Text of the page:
Supreme Court Asks Centre To Come Out With Community Kitchen Policy Decision


The Supreme Court granted two weeks to Manipur to deposit the costs imposed by it. (File)

New Delhi:

The Supreme Court Wednesday asked the Centre to come out with some policy decisions concerning the implementation of the Community Kitchen Scheme by taking into consideration other similar schemes which are in operation in different states.

The Supreme Court also took note of incidents of alleged hunger deaths and malnutrition of children in some states and asked them to file short replies by identifying the districts/talukas/villages where such incidents have taken place or taking place.

A bench headed by Chief Justice N V Ramana said there is a need to coordinate with the state governments/Union territories and their opinion should also be taken into consideration by the Centre before finalisation of the Community Kitchen Scheme.

“We are of the considered view that until and unless the state governments are involved with regard to implementation of the scheme, it would be difficult to implement the same.

“Under the circumstances, it would be appropriate that the Union of India should come out with some policy decision with regard to implementation of the Community Kitchen Scheme by taking into consideration the other similar schemes relating to the community kitchen which are already in operation in different states,” the bench said.

The Supreme Court asked the counsel appearing for the Delhi government and the Union Territory of Ladakh to file their respective counter-affidavits within two weeks from today, without fail.

Additional Solicitor General Madhvi Divan, appearing for the Centre, told the bench that the issues which are raised in this petition about creating community kitchens to take care of hunger deaths or malnutrition of children are under active consideration of the Union of India and they are awaiting expert reports on the subject.

The bench also comprising Justices Surya Kant and Hima Kohli directed the Centre to interact with the concerned stakeholders as well as for finalisation of the probable date of holding a meeting with the state governments/Union territories on the subject.

The bench also directed Uttar Pradesh, Madhya Pradesh, Maharashtra, Odisha, and Bihar to file short replies on the incidents of alleged hunger deaths and malnutrition of children.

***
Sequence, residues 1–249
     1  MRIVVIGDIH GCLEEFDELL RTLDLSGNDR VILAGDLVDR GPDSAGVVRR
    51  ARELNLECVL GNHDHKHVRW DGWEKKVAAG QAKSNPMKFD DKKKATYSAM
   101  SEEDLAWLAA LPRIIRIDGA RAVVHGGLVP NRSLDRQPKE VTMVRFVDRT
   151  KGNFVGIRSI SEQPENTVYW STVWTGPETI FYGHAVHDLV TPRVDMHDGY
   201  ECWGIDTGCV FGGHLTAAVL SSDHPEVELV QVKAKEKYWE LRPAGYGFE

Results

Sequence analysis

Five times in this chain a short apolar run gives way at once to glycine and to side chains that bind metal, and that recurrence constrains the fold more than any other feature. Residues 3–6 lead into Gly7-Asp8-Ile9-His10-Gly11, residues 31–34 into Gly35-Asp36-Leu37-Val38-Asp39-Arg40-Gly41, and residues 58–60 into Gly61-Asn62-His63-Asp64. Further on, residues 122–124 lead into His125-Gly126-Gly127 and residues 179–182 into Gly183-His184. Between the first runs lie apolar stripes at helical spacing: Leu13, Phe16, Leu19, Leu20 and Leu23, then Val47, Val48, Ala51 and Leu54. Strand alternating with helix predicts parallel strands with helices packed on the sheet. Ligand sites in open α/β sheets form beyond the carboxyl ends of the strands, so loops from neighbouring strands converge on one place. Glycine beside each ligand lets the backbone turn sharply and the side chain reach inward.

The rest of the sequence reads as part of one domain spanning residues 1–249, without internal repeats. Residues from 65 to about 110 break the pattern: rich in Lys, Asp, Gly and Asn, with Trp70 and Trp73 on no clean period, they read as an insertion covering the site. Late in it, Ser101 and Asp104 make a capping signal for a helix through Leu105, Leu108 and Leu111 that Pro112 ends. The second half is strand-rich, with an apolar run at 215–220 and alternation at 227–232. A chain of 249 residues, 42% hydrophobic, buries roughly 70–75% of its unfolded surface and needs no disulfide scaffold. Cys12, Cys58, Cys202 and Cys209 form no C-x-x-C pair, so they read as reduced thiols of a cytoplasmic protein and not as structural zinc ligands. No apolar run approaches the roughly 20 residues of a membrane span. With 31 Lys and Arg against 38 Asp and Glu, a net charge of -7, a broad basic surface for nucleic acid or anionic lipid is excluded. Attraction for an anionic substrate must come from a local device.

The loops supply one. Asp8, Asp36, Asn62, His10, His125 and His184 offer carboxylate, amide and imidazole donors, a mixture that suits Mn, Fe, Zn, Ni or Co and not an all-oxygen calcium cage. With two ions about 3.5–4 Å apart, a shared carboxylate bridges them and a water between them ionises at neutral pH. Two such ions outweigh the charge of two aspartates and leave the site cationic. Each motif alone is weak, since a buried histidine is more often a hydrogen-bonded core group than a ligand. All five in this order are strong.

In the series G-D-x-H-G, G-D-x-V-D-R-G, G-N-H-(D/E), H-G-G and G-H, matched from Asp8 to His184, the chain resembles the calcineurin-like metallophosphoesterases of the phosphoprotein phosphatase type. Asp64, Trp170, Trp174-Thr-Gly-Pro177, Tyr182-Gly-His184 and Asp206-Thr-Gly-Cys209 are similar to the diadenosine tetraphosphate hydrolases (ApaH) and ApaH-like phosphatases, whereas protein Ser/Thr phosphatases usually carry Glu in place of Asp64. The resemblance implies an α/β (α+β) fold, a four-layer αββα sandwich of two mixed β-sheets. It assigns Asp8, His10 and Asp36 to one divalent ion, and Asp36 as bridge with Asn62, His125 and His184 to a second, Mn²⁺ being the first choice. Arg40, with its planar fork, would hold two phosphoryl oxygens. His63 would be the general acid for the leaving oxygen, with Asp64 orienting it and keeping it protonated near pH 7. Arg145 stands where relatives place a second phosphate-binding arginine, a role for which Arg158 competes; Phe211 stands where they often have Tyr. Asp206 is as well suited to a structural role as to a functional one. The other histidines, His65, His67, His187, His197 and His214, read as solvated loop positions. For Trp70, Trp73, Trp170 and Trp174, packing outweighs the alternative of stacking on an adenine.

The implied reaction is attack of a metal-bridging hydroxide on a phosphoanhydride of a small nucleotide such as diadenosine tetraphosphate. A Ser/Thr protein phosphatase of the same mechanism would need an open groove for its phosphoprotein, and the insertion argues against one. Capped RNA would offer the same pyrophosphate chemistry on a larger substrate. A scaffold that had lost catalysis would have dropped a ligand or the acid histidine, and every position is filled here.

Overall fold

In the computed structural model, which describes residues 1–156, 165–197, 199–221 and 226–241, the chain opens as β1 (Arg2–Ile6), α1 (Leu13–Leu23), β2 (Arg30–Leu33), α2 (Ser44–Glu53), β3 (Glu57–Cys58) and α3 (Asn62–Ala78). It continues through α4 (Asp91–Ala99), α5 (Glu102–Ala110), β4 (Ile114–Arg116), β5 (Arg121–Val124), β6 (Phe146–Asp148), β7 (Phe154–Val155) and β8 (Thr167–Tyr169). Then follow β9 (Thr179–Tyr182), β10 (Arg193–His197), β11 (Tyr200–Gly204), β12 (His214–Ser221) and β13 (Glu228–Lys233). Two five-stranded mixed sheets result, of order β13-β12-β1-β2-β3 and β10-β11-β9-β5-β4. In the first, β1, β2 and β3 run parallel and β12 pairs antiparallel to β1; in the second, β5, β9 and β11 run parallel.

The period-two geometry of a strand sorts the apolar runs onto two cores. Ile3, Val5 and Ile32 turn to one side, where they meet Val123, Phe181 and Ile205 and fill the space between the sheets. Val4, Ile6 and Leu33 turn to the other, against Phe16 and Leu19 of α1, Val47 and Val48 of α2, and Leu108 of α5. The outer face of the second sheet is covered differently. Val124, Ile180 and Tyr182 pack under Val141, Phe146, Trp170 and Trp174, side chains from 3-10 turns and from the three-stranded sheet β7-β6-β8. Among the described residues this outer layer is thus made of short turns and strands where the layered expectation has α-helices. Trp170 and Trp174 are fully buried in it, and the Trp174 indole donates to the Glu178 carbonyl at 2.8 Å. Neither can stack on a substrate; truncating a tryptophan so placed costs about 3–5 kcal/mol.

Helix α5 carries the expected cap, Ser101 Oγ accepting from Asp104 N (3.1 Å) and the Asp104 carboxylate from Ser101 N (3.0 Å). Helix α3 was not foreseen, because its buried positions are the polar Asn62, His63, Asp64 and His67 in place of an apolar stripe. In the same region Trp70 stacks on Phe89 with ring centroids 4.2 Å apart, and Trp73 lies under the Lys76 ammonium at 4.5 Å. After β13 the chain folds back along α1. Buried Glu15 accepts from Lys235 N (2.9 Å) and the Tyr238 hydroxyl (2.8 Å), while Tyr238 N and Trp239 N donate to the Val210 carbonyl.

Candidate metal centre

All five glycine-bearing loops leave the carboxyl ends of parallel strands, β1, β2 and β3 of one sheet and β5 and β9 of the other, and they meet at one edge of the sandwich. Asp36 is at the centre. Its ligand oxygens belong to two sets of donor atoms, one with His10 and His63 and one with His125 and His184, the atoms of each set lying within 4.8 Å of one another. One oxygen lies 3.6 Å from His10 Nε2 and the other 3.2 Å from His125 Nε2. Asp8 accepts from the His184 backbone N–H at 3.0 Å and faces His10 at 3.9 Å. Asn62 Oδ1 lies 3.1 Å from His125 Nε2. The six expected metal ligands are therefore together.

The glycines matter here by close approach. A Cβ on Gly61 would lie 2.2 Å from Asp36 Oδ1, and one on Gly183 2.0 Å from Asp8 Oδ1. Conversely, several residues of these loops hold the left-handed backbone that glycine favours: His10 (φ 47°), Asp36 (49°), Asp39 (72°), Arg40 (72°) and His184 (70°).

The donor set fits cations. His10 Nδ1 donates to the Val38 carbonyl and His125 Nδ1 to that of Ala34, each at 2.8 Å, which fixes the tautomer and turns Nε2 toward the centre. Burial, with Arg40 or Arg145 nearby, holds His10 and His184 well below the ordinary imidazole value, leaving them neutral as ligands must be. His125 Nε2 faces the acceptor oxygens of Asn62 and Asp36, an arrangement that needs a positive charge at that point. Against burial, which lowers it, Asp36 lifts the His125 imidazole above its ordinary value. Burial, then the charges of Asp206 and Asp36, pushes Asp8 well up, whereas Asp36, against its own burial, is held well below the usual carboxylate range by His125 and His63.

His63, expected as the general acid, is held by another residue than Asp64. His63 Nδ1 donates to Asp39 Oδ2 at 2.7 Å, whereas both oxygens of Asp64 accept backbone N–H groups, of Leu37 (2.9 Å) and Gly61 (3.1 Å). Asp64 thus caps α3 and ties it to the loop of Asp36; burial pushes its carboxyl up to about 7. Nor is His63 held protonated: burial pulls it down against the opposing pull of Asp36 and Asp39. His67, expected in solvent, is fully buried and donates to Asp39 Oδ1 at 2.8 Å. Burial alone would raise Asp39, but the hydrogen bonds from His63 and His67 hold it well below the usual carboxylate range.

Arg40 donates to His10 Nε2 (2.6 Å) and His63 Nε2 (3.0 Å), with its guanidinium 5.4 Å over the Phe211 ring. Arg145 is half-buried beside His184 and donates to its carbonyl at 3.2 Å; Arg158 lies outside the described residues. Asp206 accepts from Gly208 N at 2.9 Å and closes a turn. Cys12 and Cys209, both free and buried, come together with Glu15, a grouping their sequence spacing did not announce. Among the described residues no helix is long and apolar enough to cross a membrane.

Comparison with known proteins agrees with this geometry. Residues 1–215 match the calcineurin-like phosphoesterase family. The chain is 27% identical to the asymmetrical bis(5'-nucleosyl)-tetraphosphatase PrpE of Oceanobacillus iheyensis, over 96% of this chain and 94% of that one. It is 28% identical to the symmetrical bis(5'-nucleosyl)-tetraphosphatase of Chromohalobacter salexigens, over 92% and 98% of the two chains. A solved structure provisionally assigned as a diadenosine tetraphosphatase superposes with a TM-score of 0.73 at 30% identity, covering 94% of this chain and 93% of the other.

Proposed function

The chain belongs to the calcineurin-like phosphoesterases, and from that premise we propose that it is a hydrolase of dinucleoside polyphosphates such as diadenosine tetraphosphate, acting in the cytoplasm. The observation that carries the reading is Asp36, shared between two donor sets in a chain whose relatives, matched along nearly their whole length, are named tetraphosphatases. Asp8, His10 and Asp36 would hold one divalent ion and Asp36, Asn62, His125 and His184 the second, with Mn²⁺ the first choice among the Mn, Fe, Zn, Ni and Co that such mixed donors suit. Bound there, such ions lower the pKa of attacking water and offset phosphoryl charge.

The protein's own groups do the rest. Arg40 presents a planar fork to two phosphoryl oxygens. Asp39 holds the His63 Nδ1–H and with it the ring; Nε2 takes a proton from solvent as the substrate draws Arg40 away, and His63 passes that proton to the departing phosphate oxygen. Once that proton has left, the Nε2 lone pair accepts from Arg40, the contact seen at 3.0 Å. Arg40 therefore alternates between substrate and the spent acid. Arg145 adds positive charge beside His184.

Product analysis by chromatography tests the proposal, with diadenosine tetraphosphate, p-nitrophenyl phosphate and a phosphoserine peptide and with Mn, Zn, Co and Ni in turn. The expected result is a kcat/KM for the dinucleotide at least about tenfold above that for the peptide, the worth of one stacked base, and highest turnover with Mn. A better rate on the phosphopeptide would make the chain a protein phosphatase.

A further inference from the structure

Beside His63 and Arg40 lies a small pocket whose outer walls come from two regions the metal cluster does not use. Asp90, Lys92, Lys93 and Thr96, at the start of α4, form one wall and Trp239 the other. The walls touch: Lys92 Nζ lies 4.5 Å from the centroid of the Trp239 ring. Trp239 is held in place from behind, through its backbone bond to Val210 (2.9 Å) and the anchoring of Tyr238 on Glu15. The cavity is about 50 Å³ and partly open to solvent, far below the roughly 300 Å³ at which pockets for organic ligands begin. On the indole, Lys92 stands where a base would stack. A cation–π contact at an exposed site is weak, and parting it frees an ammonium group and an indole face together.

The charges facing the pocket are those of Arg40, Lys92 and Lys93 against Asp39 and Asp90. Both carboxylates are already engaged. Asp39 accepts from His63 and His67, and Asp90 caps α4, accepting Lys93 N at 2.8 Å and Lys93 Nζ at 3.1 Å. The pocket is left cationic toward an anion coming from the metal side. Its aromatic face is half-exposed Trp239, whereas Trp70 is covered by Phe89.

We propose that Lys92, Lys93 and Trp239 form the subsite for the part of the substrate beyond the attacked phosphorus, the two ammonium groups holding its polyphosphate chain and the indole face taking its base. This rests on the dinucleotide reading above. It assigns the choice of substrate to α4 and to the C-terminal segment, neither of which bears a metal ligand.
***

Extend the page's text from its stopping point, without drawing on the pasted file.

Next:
“Counsel appearing for the states of UP, MP, Maharashtra, Odisha, and Bihar are directed to file their respective short replies about the aforesaid issues and identify the districts/talukas/villages where these deaths/malnutrition have/are taking place, on the next date of hearing without fail,” the bench said.

It also granted two weeks to Manipur to deposit the costs imposed by it and made it clear that no further extension of time would be granted for the said purpose.

“Counsel appearing for all those states which have not so far deposited costs pursuant to order of this court are granted four weeks from today for the said purpose. The registry is directed to invest the costs deposited by the states in an interest-earning fixed deposit receipts on a short term basis in any nationalized bank with auto-renewal facility which gives more interest,” the bench said while posting the matter for next hearing on November 16.

The Supreme Court, on February 17 last year, had imposed an additional cost of Rs 5 lakh each on six states for not complying with its directions to file their affidavits on the PIL, which sought formulation of the scheme to set up community kitchens for the poor.

The additional cost of Rs 5 lakh each was imposed on Madhya Pradesh, Maharashtra, Manipur, Odisha, Goa, and Delhi.

Advocate Ashima Mandla, appearing for the PIL petitioners, was asked by the bench to prepare a chart of all the states who have filed their replies to the PIL.

She had said 69 per cent of children under the age of five have lost their lives due to malnutrition and it is high time that states take steps to set up community kitchens.

The Supreme Court had on October 18, 2019, favoured setting up of community kitchens, saying the country needs this kind of a system to tackle the problem of hunger.

It had issued notices to the Centre and all states asking for their responses on a PIL seeking directions to all the states and Union territories (UTs) to formulate a scheme for community kitchens to combat hunger and malnutrition.

The plea had claimed that many children under the age of five die every day due to hunger and malnutrition and this condition was violative of various fundamental rights, including the right to food and the life of citizens.

The PIL, filed by social activists Anun Dhawan, Ishann Dhawan, and Kunjana Singh, had also sought a direction to the Centre for creating a national food grid for people falling outside the purview of the public distribution scheme.

It had also sought the issuance of an order to the National Legal Services Authority (NLSA) for formulating a scheme to mitigate hunger-related deaths.

The plea referred to the state-funded community kitchens being run in Tamil Nadu, Andhra Pradesh, Uttarakhand, Odisha, Jharkhand, and Delhi that serve meals at subsidised rates in hygienic conditions.

The plea also referred to the concepts of the soup kitchen, meal centre, food kitchen, or community kitchen in other countries where food is offered to the hungry usually for free or sometimes at below-market price rates.

(Except for the headline, this story has not been edited by NDTV staff and is published from a syndicated feed.)

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